AS SELF-STYLED “crossbow cannibal” Stephen Griffiths spent his first nights on remand this week for the alleged murders of three Bradford survival sex workers, hopes that the new Westminster coalition might abandon the failed policies of New Labour over prostitution were on the wane.
I think we have to deal with the causes of this problem. The causes are drug abuse – a massive problem – we’ve got to get to grips with drug abuse. I think we’ve also got to do more to get people who are involved in prostitution to have a job to help rebuild their lives. Also, I think we’ve got to be much tougher on kerb crawling. It is illegal, that aspect of it we really should clamp down on.
Aides close to Mr Cameron last night strongly insisted he was not suggesting prostitution should be legalised and was more concerned with addressing the social problems surrounding it such as encouraging agencies to work together to help women off the streets or to combat drug addiction.
A Home Office spokesperson said: “We take any crimes against vulnerable people seriously. This Government is committed to protecting those involved in prostitution and giving them access to routes out. The ongoing success of the Ipswich model demonstrates the benefits of multi-agency working towards a clear aim of eradicating prostitution by supporting those involved in prostitution while tackling those that contribute to the demand for prostitution.
If there was legislation that put down ground rules then that would make our job easier. If there was a brothel using under-age girls, we could threaten the licence holder with closure and prison.
When bookmakers were legalised there was a huge outcry, but that has been taken from back alleys and pubs to organised betting shops and the problems have gone.
If women were allowed to work for themselves from licensed brothels, paying the owners a rental fee but keeping the rest for themselves, the threat from pimps would be removed and the kerb crawling that goes on in residential areas would become unnecessary.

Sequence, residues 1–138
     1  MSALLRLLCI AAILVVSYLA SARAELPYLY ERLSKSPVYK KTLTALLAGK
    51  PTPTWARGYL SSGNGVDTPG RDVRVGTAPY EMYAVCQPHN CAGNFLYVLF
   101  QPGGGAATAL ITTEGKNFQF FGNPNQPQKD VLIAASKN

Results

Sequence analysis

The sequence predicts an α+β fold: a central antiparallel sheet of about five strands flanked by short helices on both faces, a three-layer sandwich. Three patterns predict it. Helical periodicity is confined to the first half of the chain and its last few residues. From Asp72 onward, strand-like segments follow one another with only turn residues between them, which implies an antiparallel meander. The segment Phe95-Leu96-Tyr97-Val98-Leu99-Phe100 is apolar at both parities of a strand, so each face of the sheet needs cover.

Prostitution policy in Britain is a disgrace created by the interlinking scandals of political cowardice and public indifference.
Sex workers lead difficult and dangerous lives and the truth is that most people, including politicians, don’t care what happens to them.
The uncomfortable reality is that while these often pitiful girls and women cater to an eternal consumer demand, their lives are being put at greater risk by the lamentable failings of both government and law enforcement….
Brothels, giving women a safer place to work, should be made legal, and subject to licensing conditions. In Australia and New Zealand, brothels are regulated in the same way as other businesses, and strict laws prevent soliciting in streets, or near homes and schools. We should pilot managed areas such as in the Netherlands, regularly patrolled by police, where sex workers are given an area where they can safely take their customers. These so-called red light zones have their problems. But their existence can help reduce crime, and enhance the women’s safety.
Politicians are fond of telling people that theirs is a world of hard choices. It is time they made this one.